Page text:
- The Washington Times - Wednesday, November 27, 2002

The White House yesterday called on Saudi Arabia to make a greater effort at tracking Islamic funding of terrorists, but again endorsed the Saudi government as a "good partner" in the war against terrorism.
"The president believes Saudi Arabia has been a good partner in the war against terrorism," White House spokesman Ari Fleischer said. "But even a good partner like Saudi Arabia can do more in the war against terrorism, and that involves the financial front, diplomatic front, etc.
"But I want to reiterate, the president thinks Saudi Arabia has been a good partner, and like many around the world, the president will continue to push nations to do more," he said.
Mr. Fleischer's comments were in response to rising concerns in Congress and elsewhere that the Saudi government has not made a good-faith effort to crack down on terrorist funding, and revelations that Princess Haifa al-Faisal, wife of the Saudi ambassador to the United States, indirectly helped finance two September 11 hijackers.
Members of a joint congressional committee get their first look next week at a draft report accusing the FBI and CIA of failing to vigorously pursue suspected links between known terrorists and Saudi Arabian government, with one committee member promising to push for a full inquiry if the accusations are true.
Rep. Peter Hoekstra, Michigan Republican, said yesterday if the report confirms that the FBI and CIA probes were inadequate or improper, the joint Senate and House intelligence committee would "push to get an investigation essential to finding out the truth."
The draft, portions of which were first reported Friday by the New York Times, said the FBI and CIA did not investigate accusations that September 11 hijackers Khalid Almihdhar and Nawaf Alhazmi received thousands of dollars in cash from Princess Faisal's Washington bank accounts.
The money, in separate checks and cash payments, went to Majida Ibrahim Ahmad, wife of Saudi national Osama Basnan, and later routed to a Basnan confidant, Omar al-Bayoumi, described by law-enforcement authorities as a suspected Saudi government agent and "advance man" for al Qaeda terrorists in San Diego.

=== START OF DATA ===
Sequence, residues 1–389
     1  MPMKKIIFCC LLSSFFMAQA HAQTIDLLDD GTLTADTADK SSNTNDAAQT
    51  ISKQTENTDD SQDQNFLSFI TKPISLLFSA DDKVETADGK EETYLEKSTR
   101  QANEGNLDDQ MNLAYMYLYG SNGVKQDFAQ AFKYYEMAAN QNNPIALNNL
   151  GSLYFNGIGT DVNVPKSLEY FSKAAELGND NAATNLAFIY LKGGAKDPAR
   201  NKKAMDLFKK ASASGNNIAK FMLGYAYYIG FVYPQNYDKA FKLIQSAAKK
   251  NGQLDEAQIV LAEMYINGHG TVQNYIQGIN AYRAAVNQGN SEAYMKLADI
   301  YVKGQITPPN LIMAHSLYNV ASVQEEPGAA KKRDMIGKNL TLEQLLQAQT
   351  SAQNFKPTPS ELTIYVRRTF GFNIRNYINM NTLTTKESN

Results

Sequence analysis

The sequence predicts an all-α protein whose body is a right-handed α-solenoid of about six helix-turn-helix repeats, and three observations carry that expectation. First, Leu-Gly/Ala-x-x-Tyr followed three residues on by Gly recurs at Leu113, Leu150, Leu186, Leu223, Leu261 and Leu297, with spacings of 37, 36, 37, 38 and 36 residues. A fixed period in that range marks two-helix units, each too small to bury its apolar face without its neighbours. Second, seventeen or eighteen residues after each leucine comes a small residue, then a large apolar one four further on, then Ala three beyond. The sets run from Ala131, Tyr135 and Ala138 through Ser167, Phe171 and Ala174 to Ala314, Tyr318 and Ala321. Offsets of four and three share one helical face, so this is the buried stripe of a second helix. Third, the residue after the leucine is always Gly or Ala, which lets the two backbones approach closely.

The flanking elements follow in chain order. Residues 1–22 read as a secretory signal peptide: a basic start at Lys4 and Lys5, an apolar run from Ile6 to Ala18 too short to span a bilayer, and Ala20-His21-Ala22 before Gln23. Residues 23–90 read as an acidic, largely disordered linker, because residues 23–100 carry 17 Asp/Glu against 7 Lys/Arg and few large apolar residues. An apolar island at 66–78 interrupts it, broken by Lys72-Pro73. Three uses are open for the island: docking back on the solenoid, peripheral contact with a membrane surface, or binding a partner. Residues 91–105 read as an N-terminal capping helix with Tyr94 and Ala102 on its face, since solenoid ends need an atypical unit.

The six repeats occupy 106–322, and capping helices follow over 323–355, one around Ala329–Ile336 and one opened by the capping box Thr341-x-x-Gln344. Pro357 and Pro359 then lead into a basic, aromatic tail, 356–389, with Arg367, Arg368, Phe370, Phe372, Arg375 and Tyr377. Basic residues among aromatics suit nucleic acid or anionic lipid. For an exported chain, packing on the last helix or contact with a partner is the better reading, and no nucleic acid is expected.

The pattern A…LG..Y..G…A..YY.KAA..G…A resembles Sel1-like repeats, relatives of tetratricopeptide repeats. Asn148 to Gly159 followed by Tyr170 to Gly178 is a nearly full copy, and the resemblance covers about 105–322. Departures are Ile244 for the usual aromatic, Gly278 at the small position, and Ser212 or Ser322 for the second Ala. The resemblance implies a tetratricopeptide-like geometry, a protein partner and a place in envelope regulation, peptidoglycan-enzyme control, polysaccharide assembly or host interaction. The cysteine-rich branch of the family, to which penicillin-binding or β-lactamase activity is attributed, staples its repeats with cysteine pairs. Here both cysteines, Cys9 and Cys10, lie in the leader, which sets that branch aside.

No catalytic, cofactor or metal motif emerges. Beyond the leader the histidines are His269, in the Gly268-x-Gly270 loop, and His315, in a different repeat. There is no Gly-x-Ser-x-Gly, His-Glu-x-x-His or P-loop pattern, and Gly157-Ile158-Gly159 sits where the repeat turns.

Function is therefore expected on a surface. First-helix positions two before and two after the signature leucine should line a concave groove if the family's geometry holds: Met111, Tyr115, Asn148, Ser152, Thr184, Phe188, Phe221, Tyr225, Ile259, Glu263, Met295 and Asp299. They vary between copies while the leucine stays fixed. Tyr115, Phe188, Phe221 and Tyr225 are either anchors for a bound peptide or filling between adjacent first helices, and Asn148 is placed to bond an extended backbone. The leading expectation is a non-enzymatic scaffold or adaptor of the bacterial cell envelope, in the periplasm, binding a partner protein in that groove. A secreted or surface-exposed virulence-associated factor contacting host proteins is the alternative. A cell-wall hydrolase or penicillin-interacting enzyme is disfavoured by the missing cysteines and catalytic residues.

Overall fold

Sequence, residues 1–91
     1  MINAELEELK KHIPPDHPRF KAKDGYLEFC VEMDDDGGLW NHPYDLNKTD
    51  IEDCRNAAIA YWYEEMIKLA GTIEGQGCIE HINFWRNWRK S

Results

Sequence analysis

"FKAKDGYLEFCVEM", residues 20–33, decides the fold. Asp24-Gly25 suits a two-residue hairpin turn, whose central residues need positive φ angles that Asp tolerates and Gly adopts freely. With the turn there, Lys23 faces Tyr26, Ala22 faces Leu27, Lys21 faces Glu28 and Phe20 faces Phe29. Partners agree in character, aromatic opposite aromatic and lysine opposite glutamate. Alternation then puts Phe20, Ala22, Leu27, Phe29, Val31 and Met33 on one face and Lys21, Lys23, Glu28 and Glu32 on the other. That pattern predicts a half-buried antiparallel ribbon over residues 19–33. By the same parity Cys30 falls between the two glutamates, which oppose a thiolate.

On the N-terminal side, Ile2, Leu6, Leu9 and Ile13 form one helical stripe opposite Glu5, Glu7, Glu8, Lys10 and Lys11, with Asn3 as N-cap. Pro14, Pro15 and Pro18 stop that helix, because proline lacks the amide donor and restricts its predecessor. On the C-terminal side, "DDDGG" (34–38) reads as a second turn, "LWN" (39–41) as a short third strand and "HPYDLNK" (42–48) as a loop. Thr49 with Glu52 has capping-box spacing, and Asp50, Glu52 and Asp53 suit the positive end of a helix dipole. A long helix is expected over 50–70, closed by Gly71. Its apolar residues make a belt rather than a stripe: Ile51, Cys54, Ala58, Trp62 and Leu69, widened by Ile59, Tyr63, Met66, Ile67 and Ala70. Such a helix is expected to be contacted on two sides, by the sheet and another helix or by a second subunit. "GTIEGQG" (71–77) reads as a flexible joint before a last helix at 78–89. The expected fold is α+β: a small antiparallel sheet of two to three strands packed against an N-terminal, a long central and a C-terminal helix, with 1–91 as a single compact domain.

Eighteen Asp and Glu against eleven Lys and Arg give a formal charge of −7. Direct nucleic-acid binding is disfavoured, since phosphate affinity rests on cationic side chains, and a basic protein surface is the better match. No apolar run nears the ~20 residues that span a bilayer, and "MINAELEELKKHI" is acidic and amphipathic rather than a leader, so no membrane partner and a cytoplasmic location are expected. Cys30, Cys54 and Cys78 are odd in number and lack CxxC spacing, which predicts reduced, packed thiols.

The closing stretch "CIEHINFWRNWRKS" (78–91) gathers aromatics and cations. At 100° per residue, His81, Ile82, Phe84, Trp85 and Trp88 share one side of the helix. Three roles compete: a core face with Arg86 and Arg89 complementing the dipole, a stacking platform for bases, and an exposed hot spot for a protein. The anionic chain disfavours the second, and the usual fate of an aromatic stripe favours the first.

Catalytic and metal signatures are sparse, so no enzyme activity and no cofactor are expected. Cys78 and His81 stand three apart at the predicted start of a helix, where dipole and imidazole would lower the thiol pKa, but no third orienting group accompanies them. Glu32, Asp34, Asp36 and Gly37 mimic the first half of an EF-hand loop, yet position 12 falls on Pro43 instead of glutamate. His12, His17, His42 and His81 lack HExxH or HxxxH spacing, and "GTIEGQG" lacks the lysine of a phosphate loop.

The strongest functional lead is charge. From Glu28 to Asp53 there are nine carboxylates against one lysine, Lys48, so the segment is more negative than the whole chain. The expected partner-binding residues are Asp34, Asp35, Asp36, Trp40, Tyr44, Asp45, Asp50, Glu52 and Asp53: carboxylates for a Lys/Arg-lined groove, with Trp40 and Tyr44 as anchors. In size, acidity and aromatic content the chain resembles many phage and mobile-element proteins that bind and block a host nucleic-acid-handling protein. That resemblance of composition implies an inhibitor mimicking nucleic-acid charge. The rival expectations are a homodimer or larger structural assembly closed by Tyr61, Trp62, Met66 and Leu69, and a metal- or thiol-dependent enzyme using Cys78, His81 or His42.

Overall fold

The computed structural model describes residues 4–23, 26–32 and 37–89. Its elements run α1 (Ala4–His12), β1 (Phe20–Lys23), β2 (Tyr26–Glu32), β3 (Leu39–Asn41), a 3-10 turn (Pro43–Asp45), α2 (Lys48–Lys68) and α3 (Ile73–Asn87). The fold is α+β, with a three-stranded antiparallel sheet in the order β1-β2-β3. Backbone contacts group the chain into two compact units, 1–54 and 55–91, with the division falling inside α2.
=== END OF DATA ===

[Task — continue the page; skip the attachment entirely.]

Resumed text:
Almihdhar and Alhazmi, aboard American Airlines Flight 77 that crashed into the Pentagon, lived in a San Diego apartment obtained for them by al Bayoumi.
Saudi government officials have denied any wrongdoing by the princess, saying this week an investigation into Princess Haifa's finances had been completed and "communicated to the relevant U.S. authorities." They said the money was intended as "humanitarian aid," and the princess was unaware any cash had been diverted to Basnan or al-Bayoumi.
However, Basnan told a Saudi-owned British newspaper for yesterday's editions that he did not pass on Princess Haifa's money to terrorists, but used it to help pay for his wife's medical treatment.
Basnan told the London-based, Arabic-language Asharq al-Awsat newspaper that he has casually met al-Bayoumi in a mosque at San Diego but denied meeting the hijackers.
"If the Americans hold accountable every Muslim for the acts and violations of whoever they pray with, no one will be left without questioning," the newspaper quoted him as saying in a Monday interview in the Saudi Red Sea port city of Jidda.
Basnan denied passing money to al-Bayoumi.
"Our debts are larger than what we received from Princess Haifa," he said. "We are in a big financial crisis because of the size of our family," which includes six children.
The FBI, in a statement this week, said the bureau "aggressively pursued" leads regarding terrorist support and activity in the wake of the September 11 attacks but declined to discuss details of its pending investigations.
Of the 19 hijackers who crashed jetliners into the World Trade Center, Pentagon and a Pennsylvania field, 15 were Saudi citizens.
Mr. Hoekstra, who headed a 1998 House subcommittee investigation into suspected Teamsters' corruption, said if the government failed to pursue investigative leads, it might be appropriate for the committee itself to conduct a further inquiry instead of the FBI or other federal agency.
"One lesson I learned from the Teamsters' inquiry was that it is the responsibility of Congress to follow through on its investigations," he said. "I will always regret the decision we made not to proceed after being told the inquiry would jeopardize future prosecutions."
The FBI told the subcommittee at the time if its investigation continued, pending Teamsters' cases would be in jeopardy. The committee backed off, but the union bosses and its top executives were either acquitted or never charged.
At the White House, Mr. Fleischer also denied a report yesterday in The Washington Post saying a National Security Council group recommended a 90-day ultimatum be given to Saudi government officials to ensure they did more to track the funding by Islamic organizations of international terrorists.
He said the NSC, at a working-group level, had not reached the point of making any recommendation, although it had discussed ideas on how to continue the war on terrorism. He said a "broad number of countries" was being considered, but that no specific recommendation had been made or approved.
"You have read in the paper today what may be one person's thoughts," Mr. Fleischer said.


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